It’s often seen as a marker of an area’s demographic health: more births than deaths. But recently, a record number of Washington counties have been seeing the opposite.

According to population data released earlier this month by the Washington Office of Financial Management, more than two-thirds of Washington’s counties — 27 out of 39 — recorded more deaths than births, also called a “natural decrease,” from April 1, 2021, to April 1, 2022. That’s the highest number of counties with more deaths than births since the state began collecting data in 1960.

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Overall, though, the state had a natural increase, meaning there were more births than deaths. Around 84,600 people were born in Washington, and 70,500 state residents died — that pencils out to a net increase of just over 14,000. That was largely due to growth in the Seattle area. King, Pierce, and Snohomish counties all had natural increases; combined, the three counties had about 14,300 more births than deaths.

Census data shows that the majority of U.S. counties experienced more deaths than births in 2021, and this trend started even before the pandemic. In Washington, too, the number of counties with a natural decrease has been on a slow rise over the past couple decades.

Back in the 1990s and earlier, fewer than 10 Washington counties would experience a natural decrease in any given year, OFM data shows. The last time all 39 of the state’s counties experienced a natural increase was 1983-1984.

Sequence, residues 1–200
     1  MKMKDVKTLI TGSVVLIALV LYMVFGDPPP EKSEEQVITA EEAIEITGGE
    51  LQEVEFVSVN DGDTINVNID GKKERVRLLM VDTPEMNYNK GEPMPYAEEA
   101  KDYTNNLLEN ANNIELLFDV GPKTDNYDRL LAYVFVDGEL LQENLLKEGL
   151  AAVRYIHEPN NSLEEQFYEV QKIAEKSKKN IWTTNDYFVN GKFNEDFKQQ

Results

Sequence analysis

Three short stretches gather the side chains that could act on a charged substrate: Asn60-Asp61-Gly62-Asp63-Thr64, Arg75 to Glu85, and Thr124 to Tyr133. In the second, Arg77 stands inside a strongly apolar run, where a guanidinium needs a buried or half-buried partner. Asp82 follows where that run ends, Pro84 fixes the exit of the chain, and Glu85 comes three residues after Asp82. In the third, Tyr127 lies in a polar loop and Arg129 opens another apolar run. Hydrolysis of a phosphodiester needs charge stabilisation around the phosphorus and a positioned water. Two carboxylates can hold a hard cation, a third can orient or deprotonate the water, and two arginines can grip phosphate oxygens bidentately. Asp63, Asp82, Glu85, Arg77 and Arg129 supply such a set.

But in recent years, the birthrate has dropped in the U.S., and census data shows that women are having fewer children and having their first child later in life.

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An aging population also results in a greater number of deaths and fewer births. Census data shows seven Washington counties have a median age higher than 50, and all seven had a natural decrease. The county with the state’s highest median age is Jefferson, where Port Townsend is located, with a median age of 59. Some counties saw higher median ages as younger people moved to cities in other counties, likely in part because of economic troubles in some rural areas.

In the April 1, 2019, to April 1, 2020 period, 16 Washington counties had a natural decrease, which was a record number at that time. Then, as COVID-19 spread across the state, the number of deaths increased. Now, 11 more counties have shown a natural decrease.

It’s worth noting that COVID and aging populations aren’t the only reasons the number of deaths increased in some parts of the state. As I’ve written in my column, we’ve also seen a surge in so-called “deaths of despair” — those related to alcohol and drug abuse, and from suicide.

Births and deaths are just two components of population change. The third is migration, and OFM data shows growth from migration in nearly every county in the state from 2021 to 2022.

The one exception is Adams County in Eastern Washington, which had a tiny net loss of 26 due to migration. But Adams had 226 more births than deaths, so the county’s total population still grew.

In fact, only one county had a loss of total population: Clallam, where Port Angeles is located, shrank by 125 residents this year. While Clallam grew some from migration, those gains were wiped out by a natural decrease of around 700, the highest in the state.

In two Eastern Washington counties — Columbia and Garfield — the population was unchanged. Both these counties also had a natural decrease, but saw growth from migration.

Statewide, the population increased by 97,400, bringing the total to 7.86 million. Since around 14,000 of that population gain came from natural increase, the remaining 83,300 was from net migration.